In Roman Polanski's adaptation of Robert Harris' novel of the same name, Ewan McGregor stars as an unnamed ghostwriter ('the Ghost') roped in to complete the memoirs of former Prime Minister Adam Lang (Pierce Brosnan), after his previous writer died under what unravel to be mysterious circumstances.When Lang is accused of participation in war-crime activity, the Ghost finds himself knee-deep in a political furore. As the Ghost weaves himself deeper into the former PM's life, he finds himself up to his neck in scandal, and begins to unwittingly retrace his predecessor's steps in a search for the truth.
On accepting his new writing job, the Ghost is whisked away to a secluded island where the former PM has made his home with wife Ruth (Olivia Williams), family and a team of employees, including Amelia Bly, played by Kim 'Samantha from Sex and the City' Cattrall. Although she doesn't give an outstanding or memorable performance, proves there's more to her career than just talking about men's dangly bits. McGregor shines as the Ghost, showing off a slightly cocky demeanour and helpings of wit in a very British, self-deprecating manner. Throughout his career, he's shown his chops as an actor, from drug-addled in Trainspotting, a lovey-dovey poet in Moulin Rouge, to a mature, layered performance in The Ghost. With such versatility and stunning performances like this, McGregor could well be one of Britain's most talented male stars. And on the subject of Brit stars, the criminally-underrated Olivia Williams shows both strength and vulnerability perfectly as Ruth.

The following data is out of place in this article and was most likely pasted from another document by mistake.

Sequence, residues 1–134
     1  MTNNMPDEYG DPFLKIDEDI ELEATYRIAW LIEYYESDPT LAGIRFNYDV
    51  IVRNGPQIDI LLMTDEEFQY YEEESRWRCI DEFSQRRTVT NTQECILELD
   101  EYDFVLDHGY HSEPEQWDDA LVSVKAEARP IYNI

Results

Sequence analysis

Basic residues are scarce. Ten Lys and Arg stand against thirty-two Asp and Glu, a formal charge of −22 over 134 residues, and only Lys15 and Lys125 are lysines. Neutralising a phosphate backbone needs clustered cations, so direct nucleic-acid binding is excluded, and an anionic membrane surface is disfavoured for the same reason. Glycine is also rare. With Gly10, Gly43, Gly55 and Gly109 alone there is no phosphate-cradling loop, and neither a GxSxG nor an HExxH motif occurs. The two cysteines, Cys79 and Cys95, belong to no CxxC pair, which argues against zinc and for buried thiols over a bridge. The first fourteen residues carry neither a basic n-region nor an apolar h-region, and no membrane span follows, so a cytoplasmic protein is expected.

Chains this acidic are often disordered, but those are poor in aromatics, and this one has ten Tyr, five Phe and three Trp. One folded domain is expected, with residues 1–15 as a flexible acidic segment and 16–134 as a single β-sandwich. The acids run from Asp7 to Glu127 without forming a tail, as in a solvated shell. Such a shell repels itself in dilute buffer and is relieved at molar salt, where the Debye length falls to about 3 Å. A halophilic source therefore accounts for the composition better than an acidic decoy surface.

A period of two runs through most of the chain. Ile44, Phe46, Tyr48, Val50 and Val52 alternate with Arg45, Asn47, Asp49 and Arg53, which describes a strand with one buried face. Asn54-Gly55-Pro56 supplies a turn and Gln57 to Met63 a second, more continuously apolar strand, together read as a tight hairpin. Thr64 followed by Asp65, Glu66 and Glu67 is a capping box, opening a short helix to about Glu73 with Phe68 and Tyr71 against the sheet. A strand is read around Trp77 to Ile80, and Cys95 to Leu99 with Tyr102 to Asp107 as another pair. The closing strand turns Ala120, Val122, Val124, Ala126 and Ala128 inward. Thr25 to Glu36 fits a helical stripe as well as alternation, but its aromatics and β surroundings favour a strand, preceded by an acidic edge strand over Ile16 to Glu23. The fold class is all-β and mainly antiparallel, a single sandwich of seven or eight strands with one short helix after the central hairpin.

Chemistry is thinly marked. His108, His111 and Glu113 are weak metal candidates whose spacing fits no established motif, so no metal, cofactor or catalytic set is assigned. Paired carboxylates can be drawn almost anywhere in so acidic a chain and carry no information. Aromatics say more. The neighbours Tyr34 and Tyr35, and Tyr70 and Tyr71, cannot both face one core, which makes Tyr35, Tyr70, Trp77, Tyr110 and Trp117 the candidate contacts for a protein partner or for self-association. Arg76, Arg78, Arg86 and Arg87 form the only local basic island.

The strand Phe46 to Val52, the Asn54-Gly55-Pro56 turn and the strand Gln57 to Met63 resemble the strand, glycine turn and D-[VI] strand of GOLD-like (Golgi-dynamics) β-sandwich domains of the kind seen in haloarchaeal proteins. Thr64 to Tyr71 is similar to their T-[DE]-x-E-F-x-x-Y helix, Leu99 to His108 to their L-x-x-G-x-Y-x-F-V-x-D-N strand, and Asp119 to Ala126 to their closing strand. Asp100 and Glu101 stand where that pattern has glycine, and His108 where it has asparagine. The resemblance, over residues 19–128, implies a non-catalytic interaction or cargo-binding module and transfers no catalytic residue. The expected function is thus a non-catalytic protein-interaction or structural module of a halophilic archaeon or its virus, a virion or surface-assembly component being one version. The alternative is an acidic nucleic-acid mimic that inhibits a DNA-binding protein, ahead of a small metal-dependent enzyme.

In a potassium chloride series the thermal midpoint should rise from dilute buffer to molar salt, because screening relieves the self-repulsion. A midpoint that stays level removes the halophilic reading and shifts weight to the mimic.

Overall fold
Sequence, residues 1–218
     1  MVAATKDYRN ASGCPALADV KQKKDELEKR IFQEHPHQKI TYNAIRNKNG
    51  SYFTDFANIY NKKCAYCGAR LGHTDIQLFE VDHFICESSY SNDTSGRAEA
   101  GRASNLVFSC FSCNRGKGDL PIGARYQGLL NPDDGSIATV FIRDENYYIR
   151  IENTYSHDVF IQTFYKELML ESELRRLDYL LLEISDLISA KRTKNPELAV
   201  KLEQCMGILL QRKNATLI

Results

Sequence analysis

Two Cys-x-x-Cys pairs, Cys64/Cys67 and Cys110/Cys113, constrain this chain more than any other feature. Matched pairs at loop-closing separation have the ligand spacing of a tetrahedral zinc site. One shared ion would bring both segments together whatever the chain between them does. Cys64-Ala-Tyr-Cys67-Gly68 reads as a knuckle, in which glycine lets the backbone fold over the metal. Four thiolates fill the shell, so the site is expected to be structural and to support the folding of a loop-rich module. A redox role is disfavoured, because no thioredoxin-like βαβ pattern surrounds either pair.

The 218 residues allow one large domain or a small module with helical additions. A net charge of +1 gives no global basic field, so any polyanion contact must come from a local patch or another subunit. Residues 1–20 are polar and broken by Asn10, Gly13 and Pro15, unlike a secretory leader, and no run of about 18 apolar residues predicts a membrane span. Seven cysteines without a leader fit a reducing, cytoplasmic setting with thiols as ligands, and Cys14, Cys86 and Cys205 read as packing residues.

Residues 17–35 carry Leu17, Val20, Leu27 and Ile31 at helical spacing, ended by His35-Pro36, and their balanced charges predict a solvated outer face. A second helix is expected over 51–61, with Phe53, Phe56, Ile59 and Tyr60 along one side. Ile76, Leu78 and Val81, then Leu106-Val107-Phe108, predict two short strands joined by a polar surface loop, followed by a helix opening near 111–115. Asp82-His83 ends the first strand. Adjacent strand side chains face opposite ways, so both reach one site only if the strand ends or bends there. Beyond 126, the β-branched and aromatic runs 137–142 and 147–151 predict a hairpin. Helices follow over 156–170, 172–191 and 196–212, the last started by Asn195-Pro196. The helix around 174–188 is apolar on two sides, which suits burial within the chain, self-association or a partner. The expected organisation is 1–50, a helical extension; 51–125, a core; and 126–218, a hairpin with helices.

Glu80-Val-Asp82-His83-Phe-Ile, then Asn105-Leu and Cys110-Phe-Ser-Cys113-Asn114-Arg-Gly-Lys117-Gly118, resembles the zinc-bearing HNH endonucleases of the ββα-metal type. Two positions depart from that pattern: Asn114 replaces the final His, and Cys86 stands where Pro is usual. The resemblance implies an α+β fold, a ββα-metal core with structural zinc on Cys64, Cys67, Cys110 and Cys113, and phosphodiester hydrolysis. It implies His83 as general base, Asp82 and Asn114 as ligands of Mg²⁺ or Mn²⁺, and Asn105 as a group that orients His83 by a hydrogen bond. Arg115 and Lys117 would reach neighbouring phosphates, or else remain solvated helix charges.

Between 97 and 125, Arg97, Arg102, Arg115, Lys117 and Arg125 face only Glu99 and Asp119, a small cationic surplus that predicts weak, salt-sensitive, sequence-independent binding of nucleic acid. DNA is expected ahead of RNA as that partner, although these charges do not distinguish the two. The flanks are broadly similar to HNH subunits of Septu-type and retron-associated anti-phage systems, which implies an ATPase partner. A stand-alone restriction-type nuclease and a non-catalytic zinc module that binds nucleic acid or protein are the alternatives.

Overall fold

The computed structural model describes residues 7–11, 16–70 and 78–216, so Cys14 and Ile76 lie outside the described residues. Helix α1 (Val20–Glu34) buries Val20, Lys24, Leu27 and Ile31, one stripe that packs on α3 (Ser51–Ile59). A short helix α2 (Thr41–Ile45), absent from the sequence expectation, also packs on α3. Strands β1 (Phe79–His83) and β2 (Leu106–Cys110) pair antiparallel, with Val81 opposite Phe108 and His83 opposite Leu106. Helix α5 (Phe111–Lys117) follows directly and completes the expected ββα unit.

One similar film immediately sprung to mind with a similar feel to The Ghost, and that was Scorcese's Shutter Island, released earlier this year. Although the two films take very different narrative directions, both have noir-ish elements, and build tension slowly with a sense of menace - an area in which Polanski has often demonstrated his expertise. The landscape of the island is more reminiscent a remote isle off the coast of Scotland than a few hours drive from the bustle of New York City, creating an unnerving sense of isolation.
Although the film fits the genre of 'political thriller', the politics aren't over-complicated, as the narrative relates more to the detective-like antics of the Ghost than the issues themselves. As McGregors character states at the very beginning, he knows nothing about politics - and a similarly small amount of political understanding is needed to still enjoy this film. At around the two hour mark, it's not simply a 'casual viewing' movie, and to truly feel the tension that is constantly hanging in the air, it needs a bit of concentration and engagement. So if you're looking for a fast-paced, action packed thrill ride, this won't be the DVD to grab from the Blockbuster shelf. But for those who like their thrillers suspenseful and mysterious, don't miss out on one of this year's underrated gems.